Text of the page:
Art versus Nature:

A Renaissance Competition in the
Key of Gender

Mary D. Garrard

Professor Emerita of Art History
American University


Thursday February 21, 2013 – 7:00pm

CAS Gallery/Wesley Foundation
1210 Stanford Drive
Coral Gables, FL 33146

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In her provocative book, Brunelleschi's Egg: Nature, Art and Gender in Renaissance Italy, Mary D. Garrard brings an art historical perspective to the transition that was underway during the Renaissance in the idea of nature —the physical universe and its operations — from an organism imbued with a mind or a soul to a "scientific" conception of the world as a machine that lacks intelligence. This transition was accompanied and assisted by the metaphorical equation of nature with the female, lending rational support to the objectification and exploitation of nature. Taking her examples from the works of the major artists of Florence, Rome, and Venice, such as Botticelli, Leonardo, Michelangelo, and Titian, Garrard shows that the elevation of male-dominated visual arts and the idea of art and culture as masculine spheres depended upon the representation of nature as a female Other to be overcome.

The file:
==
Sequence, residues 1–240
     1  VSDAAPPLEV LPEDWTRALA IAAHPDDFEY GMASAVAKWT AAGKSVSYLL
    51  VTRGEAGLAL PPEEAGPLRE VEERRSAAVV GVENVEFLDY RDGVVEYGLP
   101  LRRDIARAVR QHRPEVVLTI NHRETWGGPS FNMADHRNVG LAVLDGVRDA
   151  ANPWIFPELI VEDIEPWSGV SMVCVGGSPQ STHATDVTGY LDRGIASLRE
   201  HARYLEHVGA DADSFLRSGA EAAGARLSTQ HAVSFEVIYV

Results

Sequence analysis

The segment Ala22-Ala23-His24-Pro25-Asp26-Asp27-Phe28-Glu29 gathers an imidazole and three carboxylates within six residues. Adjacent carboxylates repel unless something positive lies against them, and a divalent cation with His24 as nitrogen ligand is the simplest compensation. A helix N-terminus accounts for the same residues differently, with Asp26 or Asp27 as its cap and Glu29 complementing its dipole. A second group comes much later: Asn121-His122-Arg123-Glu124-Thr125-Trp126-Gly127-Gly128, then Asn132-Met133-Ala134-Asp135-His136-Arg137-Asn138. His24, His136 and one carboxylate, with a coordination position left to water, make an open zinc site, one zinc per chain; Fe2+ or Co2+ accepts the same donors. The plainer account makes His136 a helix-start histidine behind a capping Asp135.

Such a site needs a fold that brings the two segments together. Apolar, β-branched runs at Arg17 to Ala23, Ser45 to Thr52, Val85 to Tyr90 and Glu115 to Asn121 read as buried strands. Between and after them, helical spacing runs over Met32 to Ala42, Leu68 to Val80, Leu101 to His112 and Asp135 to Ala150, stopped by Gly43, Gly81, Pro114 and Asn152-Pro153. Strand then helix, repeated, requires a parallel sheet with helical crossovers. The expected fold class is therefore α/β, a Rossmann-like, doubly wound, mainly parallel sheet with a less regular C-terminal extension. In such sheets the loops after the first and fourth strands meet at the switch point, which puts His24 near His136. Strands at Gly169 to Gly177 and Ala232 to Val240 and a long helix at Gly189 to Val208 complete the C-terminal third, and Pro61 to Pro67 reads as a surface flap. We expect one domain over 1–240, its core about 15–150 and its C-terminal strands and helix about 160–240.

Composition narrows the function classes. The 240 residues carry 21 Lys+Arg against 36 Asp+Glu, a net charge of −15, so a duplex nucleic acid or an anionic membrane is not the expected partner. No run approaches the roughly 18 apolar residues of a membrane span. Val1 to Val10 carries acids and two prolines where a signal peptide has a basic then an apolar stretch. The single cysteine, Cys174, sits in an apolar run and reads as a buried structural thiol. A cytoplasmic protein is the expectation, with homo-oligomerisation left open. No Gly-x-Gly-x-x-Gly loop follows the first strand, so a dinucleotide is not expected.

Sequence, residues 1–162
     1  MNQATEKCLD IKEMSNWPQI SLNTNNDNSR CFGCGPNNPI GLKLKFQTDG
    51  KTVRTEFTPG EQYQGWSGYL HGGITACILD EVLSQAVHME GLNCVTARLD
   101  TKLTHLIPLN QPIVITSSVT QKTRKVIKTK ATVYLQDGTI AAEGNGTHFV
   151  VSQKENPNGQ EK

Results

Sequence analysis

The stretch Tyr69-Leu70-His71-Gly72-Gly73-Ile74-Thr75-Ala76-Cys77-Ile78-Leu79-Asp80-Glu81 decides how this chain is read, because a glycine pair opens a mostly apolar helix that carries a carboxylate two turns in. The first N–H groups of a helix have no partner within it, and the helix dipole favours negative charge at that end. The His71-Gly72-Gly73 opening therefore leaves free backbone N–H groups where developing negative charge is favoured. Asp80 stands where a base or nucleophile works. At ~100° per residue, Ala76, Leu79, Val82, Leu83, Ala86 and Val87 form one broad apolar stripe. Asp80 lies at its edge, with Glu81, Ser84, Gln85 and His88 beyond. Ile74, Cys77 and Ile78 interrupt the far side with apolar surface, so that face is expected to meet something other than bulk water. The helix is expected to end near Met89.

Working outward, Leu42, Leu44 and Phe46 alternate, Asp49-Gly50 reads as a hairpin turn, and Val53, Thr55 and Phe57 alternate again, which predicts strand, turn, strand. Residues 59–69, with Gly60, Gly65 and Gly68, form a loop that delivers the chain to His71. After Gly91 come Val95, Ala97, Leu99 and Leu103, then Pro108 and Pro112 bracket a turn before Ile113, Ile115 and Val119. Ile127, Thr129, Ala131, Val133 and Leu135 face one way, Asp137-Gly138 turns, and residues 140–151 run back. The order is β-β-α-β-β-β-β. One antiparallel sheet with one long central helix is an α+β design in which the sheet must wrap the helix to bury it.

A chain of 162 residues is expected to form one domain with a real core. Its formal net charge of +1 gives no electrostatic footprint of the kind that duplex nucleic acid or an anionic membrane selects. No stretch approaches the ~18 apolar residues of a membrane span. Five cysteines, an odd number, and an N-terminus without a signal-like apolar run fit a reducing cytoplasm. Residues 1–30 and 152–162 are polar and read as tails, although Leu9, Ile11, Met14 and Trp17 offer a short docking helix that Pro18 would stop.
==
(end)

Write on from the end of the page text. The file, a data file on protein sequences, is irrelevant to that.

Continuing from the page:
Brunelleschi’s Egg is an immensely stimulating, thought-provoking book that represents a major contribution to Renaissance studies. ”
Renaissance Quarterly

Professor Garrard is best known for her groundbreaking feminist scholarship that has illuminated art of the Italian Renaissance-Baroque period. Her publications include two books and other writings on Artemisia Gentileschi, work that pioneered modern scholarship on a major 17th-century Italian artist. With Norma Broude, she co-edited four books on feminism and art history that have become basic texts in American universities. Garrard has lectured extensively on Renaissance art and feminist issues in universities, colleges and museums across the country.

Open to the Public
Free of Charge

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